The beacon system allows the minion to hook into system processes and continually translate external events into the salt event bus. The primary example of this is the inotify beacon. This beacon uses inotify to watch configured files or directories on the minion for changes, creation, deletion etc.

This allows for the changes to be sent up to the master where the reactor can respond to changes.

Configuring The Beacons

The beacon system, like many others in Salt, can be configured via the minion pillar, grains, or local config file:

    /etc/httpd/conf.d: {}
    /opt: {}

Optionally, a beacon can be run on an interval other than the default loop_interval, which is typically set to 1 second.

To run a beacon every 5 seconds, for example, provide an interval argument to a beacon.

    /etc/httpd/conf.d: {}
    /opt: {}
    interval: 5
    - 1m:
      - 0.0
      - 2.0
    - 5m:
      - 0.0
      - 1.5
    - 15m:
      - 0.1
      - 1.0
    - interval: 10

Writing Beacon Plugins

Beacon plugins use the standard Salt loader system, meaning that many of the constructs from other plugin systems holds true, such as the __virtual__ function.

The important function in the Beacon Plugin is the beacon function. When the beacon is configured to run, this function will be executed repeatedly by the minion. The beacon function therefore cannot block and should be as lightweight as possible. The beacon also must return a list of dicts, each dict in the list will be translated into an event on the master.

Please see the inotify beacon as an example.

The beacon Function

The beacons system will look for a function named beacon in the module. If this function is not present then the beacon will not be fired. This function is called on a regular basis and defaults to being called on every iteration of the minion, which can be tens to hundreds of times a second. This means that the beacon function cannot block and should not be CPU or IO intensive.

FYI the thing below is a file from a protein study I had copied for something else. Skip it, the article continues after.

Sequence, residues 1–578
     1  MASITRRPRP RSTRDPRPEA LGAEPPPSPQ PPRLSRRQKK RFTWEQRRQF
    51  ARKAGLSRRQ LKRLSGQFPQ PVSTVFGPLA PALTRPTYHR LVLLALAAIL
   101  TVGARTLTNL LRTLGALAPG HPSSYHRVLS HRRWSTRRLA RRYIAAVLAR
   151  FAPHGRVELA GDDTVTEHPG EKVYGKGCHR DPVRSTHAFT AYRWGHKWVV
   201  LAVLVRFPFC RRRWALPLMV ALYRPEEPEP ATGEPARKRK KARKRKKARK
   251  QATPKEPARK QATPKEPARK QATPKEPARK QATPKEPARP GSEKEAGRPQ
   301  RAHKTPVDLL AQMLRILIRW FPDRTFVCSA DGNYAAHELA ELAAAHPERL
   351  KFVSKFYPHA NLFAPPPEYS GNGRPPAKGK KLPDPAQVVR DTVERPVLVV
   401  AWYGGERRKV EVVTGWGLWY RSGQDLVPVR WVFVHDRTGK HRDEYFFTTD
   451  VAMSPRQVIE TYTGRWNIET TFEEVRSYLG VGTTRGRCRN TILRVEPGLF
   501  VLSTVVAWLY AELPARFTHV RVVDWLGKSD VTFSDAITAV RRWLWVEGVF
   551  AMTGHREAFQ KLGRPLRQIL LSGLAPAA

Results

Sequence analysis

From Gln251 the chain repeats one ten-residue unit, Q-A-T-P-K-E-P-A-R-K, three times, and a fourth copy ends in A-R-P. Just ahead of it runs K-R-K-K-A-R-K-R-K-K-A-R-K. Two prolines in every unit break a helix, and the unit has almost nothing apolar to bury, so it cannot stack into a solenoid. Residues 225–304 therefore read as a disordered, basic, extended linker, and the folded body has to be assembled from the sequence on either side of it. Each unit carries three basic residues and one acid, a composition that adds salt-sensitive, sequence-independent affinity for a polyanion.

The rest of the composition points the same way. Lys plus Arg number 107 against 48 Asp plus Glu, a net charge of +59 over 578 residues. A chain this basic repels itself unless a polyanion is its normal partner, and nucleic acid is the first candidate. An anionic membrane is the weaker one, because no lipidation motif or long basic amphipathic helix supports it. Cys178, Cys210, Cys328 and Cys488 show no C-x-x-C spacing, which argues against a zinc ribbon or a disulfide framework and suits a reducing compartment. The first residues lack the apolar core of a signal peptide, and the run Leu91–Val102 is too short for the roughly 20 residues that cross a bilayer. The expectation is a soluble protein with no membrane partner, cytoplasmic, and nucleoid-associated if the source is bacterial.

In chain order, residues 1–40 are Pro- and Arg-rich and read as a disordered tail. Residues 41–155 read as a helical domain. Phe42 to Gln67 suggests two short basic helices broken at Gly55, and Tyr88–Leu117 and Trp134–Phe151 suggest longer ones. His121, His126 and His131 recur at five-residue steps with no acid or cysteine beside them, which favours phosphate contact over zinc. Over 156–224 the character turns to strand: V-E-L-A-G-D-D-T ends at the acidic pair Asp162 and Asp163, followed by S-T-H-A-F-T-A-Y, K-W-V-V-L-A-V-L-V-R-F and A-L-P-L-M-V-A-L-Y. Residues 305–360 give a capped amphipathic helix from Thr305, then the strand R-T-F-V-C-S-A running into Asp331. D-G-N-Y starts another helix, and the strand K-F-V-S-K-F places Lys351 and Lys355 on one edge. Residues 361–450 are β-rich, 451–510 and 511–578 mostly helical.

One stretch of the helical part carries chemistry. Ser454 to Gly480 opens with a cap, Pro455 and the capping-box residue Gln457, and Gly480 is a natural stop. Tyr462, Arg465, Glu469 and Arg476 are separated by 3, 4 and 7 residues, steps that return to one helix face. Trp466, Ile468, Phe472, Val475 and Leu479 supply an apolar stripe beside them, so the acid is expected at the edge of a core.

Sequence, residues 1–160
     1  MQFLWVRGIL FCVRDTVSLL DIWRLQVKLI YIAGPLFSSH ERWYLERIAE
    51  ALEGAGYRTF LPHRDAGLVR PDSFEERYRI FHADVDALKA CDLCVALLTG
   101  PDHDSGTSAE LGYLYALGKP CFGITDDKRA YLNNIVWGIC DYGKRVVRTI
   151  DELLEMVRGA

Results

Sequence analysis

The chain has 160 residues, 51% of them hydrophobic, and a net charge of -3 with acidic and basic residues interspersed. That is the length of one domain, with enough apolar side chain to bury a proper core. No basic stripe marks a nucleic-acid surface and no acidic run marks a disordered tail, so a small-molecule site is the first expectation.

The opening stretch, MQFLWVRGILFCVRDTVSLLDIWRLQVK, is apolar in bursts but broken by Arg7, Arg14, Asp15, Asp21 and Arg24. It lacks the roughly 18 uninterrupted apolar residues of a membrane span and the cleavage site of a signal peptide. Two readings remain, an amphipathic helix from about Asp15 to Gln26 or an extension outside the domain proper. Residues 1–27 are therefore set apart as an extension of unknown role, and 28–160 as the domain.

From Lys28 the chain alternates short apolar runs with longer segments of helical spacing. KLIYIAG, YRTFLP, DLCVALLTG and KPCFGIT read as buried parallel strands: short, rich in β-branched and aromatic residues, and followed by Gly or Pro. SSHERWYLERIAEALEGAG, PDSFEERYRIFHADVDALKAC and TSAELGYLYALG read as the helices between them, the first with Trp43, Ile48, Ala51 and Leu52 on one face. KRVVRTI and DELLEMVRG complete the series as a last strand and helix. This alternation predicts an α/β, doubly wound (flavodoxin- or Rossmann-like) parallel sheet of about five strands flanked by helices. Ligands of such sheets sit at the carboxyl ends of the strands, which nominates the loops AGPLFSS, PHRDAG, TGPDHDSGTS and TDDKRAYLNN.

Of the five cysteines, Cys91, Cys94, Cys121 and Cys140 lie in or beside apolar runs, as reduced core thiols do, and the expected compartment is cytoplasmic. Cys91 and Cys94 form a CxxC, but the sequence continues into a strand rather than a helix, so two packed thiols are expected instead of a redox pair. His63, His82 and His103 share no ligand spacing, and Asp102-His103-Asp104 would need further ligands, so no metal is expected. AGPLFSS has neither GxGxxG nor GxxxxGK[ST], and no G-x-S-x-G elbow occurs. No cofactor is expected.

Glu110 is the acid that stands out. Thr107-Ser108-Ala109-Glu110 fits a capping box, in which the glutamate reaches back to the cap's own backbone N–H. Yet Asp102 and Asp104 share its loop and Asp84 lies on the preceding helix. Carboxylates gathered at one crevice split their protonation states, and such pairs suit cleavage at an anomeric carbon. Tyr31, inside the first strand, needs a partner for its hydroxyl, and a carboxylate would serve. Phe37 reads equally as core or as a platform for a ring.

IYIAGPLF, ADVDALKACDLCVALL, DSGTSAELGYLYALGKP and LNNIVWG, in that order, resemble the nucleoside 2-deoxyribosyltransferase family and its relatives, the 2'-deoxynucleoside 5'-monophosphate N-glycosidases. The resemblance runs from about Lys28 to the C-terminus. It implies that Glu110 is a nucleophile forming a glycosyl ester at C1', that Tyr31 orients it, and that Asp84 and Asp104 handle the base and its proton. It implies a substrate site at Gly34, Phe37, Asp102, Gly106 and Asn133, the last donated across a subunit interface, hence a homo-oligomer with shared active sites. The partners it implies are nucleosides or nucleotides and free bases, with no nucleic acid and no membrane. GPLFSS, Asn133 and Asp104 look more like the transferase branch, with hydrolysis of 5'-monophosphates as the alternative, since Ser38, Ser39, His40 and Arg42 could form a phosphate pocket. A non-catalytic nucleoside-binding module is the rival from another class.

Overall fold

The beacon function will be passed in the configuration for the executed beacon. This makes it easy to establish a flexible configuration for each called beacon. This is also the preferred way to ingest the beacon's configuration as it allows for the configuration to be dynamically updated while the minion is running by configuring the beacon in the minion's pillar.

The Beacon Return

The information returned from the beacon is expected to follow a predefined structure. The returned value needs to be a list of dictionaries (standard python dictionaries are preferred, no ordered dicts are needed).

The dictionaries represent individual events to be fired on the minion and master event buses. Each dict is a single event. The dict can contain any arbitrary keys but the 'tag' key will be extracted and added to the tag of the fired event.

The return data structure would look something like this:

[{'changes': ['/foo/bar'], 'tag': 'foo'},
 {'changes': ['/foo/baz'], 'tag': 'bar'}]

Calling Execution Modules

Execution modules are still the preferred location for all work and system interaction to happen in Salt. For this reason the __salt__ variable is available inside the beacon.

Please be careful when calling functions in __salt__, while this is the preferred means of executing complicated routines in Salt not all of the execution modules have been written with beacons in mind. Watch out for execution modules that may be CPU intense or IO bound. Please feel free to add new execution modules and functions to back specific beacons.